As a critical addition to existing accounts of these episodes, Original Gangstas is a reliable and accessible historical document, from Westhoff’s diligence in finding sources who were difficult to track down—though N.W.A.’s former business manager, the recently deceased Jerry Heller, was subsequently ambushed by the paparazzi likes of TMZ, Westhoff believes theirs was Heller’s last substantial interview; as he writes, in their short time together in October 2014, the mogul was “alternatively calm and heated,” oscillating “between saying he doesn’t care what anyone says about him, and vehemently denying various allegations”—to his interviews with others who were more amenable, like J-Dee of Da Lench Mob, who is currently serving a substantial sentence for murder in the California Men’s Colony. In our chat, Westhoff said that coverage from Vibe magazine was particularly thorough, though he made sure to note that the publication, for reasons satisfactory or otherwise, drew criticism from some corners for fueling the violence that erupted between warring rap factions. Even with these many living documents to pluck from and fact-check, Westhoff managed to produce a seriously compelling page-turner. Never too far from his early music-critic roots, the author clearly knows his shit, which is more than can be said for most people writing about rap for national audiences. From his description of the frenzy over the 1988 release of Straight Outta Compton: “The album’s most memorable songs feature an assault of abrasive textures, marching drums, sample fragments, and break beats mined from Roadium swap meets. Straight Outta Compton’s bombastic sound matches its rhetoric. To hear it as a child of poverty was to nod in affirmation; to hear it as a person of privilege was to gasp in horror.”

On an important side note, underground heads should be happy to know that Westhoff, a longtime music scribe who has covered many facets of the genre, appropriately notes intersections between rap honchos and the subterranean element around them—from the involvement of Cube’s cousin Del tha Funkee Homosapien (his preferred spelling back then) with Da Lench Mob to the parallel rise of the Good Life Cafe and an alternative rhyme scene in Greater Los Angeles. That’s in addition to a range of cameos from peripheral players like DJ David Faustino (yes, Bud from Married With Children) to rappers who emerged as household names outside the Ruthless fold—like Everlast, whose former girlfriend, white female MC Tairrie B, Dre once punched in the face “the way a guy would hit another guy,” according to one witness.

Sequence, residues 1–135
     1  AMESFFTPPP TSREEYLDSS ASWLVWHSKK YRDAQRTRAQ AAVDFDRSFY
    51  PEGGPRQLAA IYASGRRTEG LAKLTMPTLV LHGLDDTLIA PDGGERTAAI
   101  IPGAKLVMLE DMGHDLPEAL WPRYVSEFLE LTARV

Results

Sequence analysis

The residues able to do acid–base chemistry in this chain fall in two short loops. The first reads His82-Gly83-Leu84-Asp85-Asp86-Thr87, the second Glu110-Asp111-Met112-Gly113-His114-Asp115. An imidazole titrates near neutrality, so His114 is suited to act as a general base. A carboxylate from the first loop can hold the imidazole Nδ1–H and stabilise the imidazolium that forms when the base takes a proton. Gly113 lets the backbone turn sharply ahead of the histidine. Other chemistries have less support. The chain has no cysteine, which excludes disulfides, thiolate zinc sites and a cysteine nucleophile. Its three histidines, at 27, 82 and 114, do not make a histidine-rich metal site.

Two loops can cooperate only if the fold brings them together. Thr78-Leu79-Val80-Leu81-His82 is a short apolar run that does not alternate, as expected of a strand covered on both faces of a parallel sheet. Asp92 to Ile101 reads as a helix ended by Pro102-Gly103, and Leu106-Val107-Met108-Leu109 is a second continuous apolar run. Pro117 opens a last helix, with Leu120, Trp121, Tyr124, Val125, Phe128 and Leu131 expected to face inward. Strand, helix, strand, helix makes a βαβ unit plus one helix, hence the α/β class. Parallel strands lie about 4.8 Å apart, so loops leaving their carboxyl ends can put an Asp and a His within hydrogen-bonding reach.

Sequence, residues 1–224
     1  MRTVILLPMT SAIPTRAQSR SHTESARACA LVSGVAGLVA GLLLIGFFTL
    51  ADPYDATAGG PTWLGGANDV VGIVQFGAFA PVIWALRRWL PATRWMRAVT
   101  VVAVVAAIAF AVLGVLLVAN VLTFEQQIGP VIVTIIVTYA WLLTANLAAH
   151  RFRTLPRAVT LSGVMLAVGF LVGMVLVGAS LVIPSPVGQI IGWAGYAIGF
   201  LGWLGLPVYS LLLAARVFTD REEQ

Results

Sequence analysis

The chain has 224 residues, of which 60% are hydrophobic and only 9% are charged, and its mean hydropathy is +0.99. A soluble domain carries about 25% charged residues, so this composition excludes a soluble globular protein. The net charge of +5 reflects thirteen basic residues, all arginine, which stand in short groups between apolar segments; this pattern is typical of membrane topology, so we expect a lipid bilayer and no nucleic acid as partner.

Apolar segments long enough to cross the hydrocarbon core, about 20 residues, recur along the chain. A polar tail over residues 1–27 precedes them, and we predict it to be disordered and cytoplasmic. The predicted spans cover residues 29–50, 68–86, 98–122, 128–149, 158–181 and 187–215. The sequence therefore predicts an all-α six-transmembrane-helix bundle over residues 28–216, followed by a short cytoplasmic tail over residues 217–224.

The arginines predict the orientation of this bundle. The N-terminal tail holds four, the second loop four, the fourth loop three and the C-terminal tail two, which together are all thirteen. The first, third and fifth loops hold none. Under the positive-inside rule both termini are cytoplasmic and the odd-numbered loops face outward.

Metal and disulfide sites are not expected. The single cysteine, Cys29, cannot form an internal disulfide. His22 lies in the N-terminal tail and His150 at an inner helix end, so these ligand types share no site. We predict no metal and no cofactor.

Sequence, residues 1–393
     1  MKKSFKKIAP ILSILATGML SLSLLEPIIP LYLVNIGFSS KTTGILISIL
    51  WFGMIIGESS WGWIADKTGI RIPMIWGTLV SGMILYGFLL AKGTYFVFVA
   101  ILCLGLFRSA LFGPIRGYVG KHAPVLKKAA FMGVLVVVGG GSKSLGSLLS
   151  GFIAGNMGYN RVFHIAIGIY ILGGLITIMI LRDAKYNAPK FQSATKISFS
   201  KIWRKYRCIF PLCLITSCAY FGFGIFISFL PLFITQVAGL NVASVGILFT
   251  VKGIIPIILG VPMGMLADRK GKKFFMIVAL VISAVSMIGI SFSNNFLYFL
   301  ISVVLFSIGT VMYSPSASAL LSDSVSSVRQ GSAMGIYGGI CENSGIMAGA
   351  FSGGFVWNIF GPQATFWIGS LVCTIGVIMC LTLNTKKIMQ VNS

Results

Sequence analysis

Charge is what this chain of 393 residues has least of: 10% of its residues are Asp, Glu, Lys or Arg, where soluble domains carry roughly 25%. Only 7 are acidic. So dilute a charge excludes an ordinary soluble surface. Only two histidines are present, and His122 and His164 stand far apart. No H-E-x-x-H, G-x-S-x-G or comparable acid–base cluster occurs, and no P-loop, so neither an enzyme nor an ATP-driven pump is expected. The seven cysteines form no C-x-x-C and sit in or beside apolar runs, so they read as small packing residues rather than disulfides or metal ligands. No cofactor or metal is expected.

Westhoff, who began working on Original Gangstas before Straight Outta Compton was announced, said that he and his publisher debated rushing up their drop date to align with the biopic. In the end, it wasn’t feasible, or, as the author now acknowledges, anywhere close to necessary. A proper published biographical account claws much closer to the core of any topic than could any feature film, and in this case, the difference isn’t simply in the errors and omissions of the N.W.A. flick, like having the group visit the White House (in reality, Eazy attended a George H.W. Bush fundraiser at a DC hotel), or showing them being arrested for performing “Fuck tha Police” in Detroit (they weren’t). Rather, in his intricate profile of these seminal gang-related performers, we are treated to the ugly truth. Considering that California gangsta rap, before all of the hype, was commonly called “reality rap” by its originators, there should be no higher aspiration for those attempting to document the backstory.

This piece originally appeared in DigBoston. Below: Author Ben Westhoff. Photo by Jay Senter Grey.

Original Gangstas: The Untold Story of Dr. Dre, Eazy-E, Ice Cube, Tupac Shakur, and the Birth of West Coast Rap

By Ben Westhoff

Hachette

432 pages, $28

Published in Literature